Essays on Technology and Culture

What to Learn, What to Build

So far, my grand attempt at learning web programming has been a refresher course in stuff I know. The basic semantics of coding, variables and functions, for and while loops, data types and arrays—these are things I learned and was taught, but it never hurts to go back and brush up when you’ve been out of practice. The language I’ve been learning, through Codecademy’s free lessons is JavaScript, a simple language and a good place for me to start as not knowing it is a gaping hole in my skill set. The plan is, once I have a grasp of JavaScript, to learn jQuery, which is how a lot of the neat animated and dynamic stuff happens on websites these days.

After that?

I see two choices for what language to learn: PHP and Python. [1] I already have some grounding in PHP, having designed WordPress themes and built a database driven site from scratch, albeit a poor one. It would be an easier place to start. Python, however, compels me as the company I work for uses it as the basis for their product. It would make me extra valuable to be able to not just point out bugs, but possibly go in and fix them. Another tool in the utility belt. The jury is still out, however, on which. (Suggestions appreciated, provided you can back them up.)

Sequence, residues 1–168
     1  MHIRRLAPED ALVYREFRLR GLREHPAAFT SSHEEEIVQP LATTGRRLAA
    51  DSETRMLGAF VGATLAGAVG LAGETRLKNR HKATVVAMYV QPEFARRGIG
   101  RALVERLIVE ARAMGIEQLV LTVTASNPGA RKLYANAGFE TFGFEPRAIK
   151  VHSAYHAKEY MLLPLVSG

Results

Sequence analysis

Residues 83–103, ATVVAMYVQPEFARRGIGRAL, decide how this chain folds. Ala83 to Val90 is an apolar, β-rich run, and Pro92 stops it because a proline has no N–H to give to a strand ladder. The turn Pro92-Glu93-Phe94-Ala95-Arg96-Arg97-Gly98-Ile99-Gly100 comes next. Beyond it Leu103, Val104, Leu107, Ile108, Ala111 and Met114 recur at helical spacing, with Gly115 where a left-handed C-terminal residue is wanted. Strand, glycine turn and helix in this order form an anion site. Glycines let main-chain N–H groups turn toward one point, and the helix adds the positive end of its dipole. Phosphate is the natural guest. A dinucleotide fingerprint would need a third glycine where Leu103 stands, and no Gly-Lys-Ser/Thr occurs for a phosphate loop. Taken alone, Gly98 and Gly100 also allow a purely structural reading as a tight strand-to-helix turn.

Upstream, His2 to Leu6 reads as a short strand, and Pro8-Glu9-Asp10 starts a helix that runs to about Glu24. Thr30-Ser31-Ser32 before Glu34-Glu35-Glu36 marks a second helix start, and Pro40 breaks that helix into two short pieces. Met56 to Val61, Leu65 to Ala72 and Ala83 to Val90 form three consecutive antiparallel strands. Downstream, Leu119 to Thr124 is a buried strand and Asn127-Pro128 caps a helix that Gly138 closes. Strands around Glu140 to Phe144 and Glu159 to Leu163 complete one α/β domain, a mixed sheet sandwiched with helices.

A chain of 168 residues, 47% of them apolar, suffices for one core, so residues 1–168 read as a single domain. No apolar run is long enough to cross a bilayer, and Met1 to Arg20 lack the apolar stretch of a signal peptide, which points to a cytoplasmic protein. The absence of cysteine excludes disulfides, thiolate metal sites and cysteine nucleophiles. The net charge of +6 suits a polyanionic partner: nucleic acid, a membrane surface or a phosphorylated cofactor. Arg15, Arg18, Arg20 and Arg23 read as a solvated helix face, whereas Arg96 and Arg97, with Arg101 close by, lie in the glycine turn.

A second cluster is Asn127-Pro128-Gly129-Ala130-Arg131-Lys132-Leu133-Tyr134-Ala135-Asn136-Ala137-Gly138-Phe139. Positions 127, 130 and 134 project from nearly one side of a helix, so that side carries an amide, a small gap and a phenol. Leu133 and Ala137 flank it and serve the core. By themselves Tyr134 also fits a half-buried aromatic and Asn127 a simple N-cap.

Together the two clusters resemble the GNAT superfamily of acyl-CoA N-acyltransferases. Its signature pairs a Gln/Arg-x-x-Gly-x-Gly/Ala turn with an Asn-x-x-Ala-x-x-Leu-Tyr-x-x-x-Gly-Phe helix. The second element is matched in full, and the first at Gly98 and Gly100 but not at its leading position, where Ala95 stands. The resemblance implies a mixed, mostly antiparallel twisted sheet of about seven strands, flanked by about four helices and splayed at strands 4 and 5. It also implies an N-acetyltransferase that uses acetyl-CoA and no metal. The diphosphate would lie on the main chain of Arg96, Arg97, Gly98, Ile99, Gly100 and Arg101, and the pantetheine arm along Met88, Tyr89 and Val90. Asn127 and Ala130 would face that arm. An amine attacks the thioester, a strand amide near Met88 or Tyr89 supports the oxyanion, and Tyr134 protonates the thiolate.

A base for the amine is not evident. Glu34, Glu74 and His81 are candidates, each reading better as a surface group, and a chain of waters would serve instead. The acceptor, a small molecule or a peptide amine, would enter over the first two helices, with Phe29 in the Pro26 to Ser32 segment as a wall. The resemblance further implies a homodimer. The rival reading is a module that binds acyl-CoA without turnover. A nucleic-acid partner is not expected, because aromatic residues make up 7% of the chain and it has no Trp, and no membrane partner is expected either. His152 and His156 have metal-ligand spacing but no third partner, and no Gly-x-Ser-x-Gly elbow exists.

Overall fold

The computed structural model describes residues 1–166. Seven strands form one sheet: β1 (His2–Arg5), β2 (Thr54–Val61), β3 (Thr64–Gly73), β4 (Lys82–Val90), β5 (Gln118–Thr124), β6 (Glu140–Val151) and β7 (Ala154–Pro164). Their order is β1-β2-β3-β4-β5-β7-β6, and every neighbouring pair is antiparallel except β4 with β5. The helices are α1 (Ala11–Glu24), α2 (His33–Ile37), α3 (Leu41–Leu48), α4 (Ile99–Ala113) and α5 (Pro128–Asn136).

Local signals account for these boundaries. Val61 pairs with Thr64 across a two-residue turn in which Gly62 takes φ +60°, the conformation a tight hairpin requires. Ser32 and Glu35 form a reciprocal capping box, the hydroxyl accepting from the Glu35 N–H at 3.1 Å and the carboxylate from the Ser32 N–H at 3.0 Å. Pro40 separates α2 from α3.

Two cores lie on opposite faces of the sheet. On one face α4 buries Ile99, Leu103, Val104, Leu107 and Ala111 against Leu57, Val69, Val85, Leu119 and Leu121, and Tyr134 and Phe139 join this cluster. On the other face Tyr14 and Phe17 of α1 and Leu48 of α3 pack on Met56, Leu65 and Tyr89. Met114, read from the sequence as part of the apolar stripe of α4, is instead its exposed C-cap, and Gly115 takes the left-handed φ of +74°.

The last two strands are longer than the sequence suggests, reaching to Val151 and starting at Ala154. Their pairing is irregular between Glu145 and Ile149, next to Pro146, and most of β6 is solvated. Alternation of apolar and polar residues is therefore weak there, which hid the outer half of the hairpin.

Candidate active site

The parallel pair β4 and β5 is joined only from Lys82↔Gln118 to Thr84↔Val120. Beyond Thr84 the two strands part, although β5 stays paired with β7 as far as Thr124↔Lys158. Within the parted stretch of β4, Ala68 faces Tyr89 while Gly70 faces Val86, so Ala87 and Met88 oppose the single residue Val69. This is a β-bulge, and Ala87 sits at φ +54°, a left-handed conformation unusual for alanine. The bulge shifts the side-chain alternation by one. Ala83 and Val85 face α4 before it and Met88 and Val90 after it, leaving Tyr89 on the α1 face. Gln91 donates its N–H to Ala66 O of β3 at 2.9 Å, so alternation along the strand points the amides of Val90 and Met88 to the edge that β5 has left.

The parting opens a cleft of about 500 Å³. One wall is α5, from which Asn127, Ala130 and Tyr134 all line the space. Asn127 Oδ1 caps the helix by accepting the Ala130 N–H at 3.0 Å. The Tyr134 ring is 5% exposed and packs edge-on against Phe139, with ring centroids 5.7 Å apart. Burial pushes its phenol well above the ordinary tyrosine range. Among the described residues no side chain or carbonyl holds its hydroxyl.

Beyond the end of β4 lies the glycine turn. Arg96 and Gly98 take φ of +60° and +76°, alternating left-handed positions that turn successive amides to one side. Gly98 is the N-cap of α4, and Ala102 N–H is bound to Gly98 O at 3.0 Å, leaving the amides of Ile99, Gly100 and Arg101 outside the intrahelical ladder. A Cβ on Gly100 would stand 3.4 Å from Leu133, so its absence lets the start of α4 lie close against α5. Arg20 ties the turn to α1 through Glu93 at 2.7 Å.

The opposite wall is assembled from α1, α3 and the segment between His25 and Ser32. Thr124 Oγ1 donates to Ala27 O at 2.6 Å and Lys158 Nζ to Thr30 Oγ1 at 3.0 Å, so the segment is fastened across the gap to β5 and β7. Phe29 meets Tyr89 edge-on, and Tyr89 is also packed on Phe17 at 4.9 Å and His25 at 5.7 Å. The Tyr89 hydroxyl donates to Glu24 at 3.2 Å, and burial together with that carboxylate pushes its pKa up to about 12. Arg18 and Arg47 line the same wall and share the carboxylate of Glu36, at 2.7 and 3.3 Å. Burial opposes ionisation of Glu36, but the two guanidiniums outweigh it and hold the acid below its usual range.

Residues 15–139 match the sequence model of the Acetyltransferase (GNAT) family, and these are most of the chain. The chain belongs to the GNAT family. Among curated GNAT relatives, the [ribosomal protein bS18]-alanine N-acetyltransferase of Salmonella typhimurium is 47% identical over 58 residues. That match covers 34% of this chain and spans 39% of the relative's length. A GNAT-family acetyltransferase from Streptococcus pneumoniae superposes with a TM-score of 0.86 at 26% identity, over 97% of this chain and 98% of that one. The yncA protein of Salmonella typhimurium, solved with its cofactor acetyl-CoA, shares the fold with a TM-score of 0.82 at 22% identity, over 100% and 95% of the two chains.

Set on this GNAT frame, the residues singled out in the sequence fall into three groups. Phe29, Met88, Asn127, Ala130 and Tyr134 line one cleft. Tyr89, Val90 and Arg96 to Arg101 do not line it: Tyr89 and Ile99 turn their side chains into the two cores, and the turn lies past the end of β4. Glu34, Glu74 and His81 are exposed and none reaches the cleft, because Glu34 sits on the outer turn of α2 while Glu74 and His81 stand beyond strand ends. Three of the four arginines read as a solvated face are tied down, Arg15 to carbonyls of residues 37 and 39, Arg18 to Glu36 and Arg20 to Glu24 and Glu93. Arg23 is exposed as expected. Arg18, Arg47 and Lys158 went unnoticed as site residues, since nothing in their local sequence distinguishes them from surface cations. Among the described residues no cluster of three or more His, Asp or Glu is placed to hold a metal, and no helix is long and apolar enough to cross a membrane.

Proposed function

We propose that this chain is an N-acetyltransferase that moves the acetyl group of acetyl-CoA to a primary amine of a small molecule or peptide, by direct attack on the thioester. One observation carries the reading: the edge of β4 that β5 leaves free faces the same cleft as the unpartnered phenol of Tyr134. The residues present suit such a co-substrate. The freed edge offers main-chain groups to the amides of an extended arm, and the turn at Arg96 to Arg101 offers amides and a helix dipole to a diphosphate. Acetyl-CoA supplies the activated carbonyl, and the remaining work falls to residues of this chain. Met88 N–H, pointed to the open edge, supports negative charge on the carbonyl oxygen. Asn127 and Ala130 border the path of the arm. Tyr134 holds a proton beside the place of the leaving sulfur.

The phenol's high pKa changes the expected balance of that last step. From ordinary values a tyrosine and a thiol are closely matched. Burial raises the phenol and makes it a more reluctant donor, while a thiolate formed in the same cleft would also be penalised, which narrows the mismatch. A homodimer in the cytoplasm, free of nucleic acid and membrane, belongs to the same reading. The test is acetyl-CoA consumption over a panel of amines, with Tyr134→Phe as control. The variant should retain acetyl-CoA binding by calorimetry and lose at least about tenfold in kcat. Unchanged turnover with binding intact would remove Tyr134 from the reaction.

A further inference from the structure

The other question is what to build. The first thing that comes to mind is to go back and rebuild the blog/database site I wrote in PHP so many moons ago, this time done right with objects and frameworks to make the code maintainable and logical. Whichever language I use is secondary. The important thing about building something is that it is truly learning by doing. A virtual classroom and instruction only can take you so far up the Dryfus model. Working outside of the classroom and figuring things out on your own is where the action happens.

For now, however, it’s classroom study and review. And patience.

  1. Cue the wailing and gnashing of teeth on the part of the Ruby programmers.  ↩